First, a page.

THIS WEEK'S SELECTIONS PROVIDED BY ANDREW BOHAN
"I Know We Will Never Meet Again"/"After All"
The Dixiaires with Muriel Gaines
on Queen 4111-A/B
released in 1946
Above: Muriel Gaines. She began her career as a dancer in Harlem's Cotton Club before turning to singing. She started singing calypso, becoming the "Queen of Calypso" in Europe when she toured there. Muriel had three calypso style records released on the National label in 1945 with Sam Manning's Serenaders (see clipping further down this page). Then the one known release, non-calypso, with "The Dixiaires" on Queen in 1946.
NEW YORK AGE, July 8, 1944: MURIEL GAINES, TORCH SINGER, MAKING A HIT AT VILLAGE VANGUARDMuriel Gaines, beautiful blues and torch singer, seems to be a permanent fixture at the Village Vanguard. Miss Gaines is the wife of Lee Gaines, of the Delta Rhythm Boys, a Universal feature set. As Jeni LeGon's understudy in "Early To Bed," she did the part a dozen times to great audience acclaim and was offered the part on the road, but declined.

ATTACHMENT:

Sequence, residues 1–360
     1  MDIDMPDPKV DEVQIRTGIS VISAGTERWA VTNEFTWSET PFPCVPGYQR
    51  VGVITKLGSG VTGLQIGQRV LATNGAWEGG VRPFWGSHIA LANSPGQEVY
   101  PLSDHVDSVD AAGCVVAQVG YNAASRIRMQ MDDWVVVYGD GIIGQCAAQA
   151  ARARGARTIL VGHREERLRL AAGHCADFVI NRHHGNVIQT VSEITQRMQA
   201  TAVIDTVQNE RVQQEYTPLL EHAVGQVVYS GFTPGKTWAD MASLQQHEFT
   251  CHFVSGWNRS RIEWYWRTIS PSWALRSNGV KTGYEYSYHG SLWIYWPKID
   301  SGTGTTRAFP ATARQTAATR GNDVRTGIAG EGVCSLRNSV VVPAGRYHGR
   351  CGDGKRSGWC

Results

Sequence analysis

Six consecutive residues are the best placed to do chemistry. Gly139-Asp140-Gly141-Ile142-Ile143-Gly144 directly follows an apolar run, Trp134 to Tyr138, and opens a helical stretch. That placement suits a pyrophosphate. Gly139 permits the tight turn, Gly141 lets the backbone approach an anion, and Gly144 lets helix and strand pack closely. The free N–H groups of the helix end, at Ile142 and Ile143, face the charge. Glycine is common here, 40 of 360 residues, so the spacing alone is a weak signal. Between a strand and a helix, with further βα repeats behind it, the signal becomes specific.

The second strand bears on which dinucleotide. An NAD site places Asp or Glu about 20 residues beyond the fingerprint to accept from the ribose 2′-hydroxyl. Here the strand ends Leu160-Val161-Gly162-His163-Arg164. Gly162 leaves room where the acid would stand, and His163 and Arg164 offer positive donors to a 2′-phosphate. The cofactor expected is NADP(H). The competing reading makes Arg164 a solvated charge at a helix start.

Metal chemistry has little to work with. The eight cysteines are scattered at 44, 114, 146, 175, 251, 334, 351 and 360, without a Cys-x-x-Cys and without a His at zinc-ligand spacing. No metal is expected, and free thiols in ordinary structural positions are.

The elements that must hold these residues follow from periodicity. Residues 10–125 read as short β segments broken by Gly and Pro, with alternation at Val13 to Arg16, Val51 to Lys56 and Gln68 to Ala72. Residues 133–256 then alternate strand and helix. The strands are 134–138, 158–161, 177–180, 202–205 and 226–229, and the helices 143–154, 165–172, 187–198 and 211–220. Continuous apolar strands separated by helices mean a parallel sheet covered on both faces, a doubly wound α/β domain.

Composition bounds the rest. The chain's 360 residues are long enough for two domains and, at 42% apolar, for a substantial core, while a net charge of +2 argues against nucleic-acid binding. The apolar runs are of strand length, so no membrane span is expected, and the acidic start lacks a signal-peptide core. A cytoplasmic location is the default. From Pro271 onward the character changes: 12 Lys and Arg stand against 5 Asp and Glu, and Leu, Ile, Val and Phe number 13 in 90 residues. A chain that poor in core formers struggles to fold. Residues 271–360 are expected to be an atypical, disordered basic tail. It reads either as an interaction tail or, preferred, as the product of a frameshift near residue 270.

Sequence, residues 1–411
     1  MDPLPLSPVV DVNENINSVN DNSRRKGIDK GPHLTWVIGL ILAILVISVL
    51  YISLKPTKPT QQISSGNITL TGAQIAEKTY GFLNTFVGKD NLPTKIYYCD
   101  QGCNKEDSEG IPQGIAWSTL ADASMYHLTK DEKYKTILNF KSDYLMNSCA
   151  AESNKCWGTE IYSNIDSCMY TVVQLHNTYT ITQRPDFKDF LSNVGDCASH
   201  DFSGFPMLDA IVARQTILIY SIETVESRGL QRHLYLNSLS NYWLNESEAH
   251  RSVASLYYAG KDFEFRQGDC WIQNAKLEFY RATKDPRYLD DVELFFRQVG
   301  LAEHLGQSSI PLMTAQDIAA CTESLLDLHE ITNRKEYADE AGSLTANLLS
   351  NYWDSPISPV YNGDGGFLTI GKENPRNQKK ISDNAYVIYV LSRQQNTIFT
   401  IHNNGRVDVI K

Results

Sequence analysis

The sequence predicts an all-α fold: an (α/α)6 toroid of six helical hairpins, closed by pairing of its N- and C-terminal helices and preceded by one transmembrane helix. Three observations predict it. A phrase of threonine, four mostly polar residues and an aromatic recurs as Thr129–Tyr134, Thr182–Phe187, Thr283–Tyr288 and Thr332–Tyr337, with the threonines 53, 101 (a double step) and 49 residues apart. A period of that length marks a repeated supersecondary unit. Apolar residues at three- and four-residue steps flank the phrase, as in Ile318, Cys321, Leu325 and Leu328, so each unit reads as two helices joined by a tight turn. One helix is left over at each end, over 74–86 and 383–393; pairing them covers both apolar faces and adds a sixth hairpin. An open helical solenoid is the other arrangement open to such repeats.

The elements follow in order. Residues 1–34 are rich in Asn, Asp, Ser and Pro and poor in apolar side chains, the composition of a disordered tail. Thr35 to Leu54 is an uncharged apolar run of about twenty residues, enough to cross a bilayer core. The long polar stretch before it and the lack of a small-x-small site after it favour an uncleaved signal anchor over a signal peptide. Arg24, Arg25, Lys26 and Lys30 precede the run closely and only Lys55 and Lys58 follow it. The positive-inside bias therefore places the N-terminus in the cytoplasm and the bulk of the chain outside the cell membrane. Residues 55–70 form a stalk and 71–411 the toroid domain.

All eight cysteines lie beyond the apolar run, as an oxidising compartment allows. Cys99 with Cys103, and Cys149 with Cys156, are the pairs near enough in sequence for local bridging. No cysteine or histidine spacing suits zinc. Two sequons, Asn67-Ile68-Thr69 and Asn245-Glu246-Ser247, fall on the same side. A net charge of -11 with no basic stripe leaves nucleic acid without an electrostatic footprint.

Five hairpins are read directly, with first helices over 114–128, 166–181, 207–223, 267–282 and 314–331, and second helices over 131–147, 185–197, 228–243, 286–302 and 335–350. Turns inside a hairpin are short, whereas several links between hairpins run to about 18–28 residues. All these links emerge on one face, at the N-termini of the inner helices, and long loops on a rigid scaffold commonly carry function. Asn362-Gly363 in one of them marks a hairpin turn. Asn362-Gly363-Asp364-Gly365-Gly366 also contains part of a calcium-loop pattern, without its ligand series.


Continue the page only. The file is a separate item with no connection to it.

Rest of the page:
PITTSBURGH COURIER, December 22, 1945: MURIEL GAINES IN LE RUBAN BLEUMuriel Gaines, the sophisticated songstress who opened at the Village Vanguard (New York) in 1944 for two weeks and remained there for a year and a half, closed at this spot on last Sunday, to move uptown where she opened on Monday, Dec. 17, at Le Ruban Bleu, replacing Maxine Sullivan. Muriel has been featured at the Moulin Rouge and the Ambassador in Paris, as well as the Palladium in London. Her calypso recordings are best-sellers, and she is currently understudying the part of the maid in the Broadway dramatic hit, "Deep Are The Roots."
BROOKLYN DAILY EAGLE, June 9, 1946: MURIEL GAINES TO DO CONCERT TOURMuriel Gaines, the popular night club songstress who was recently seen in "Deep Are The Roots" in the role of the maid, will do a two-week singing-dramatic concert tour in the South during the latter part of July. Muriel will do dramatic bits from several plays and will also do a program of popular and folk songs on the tour.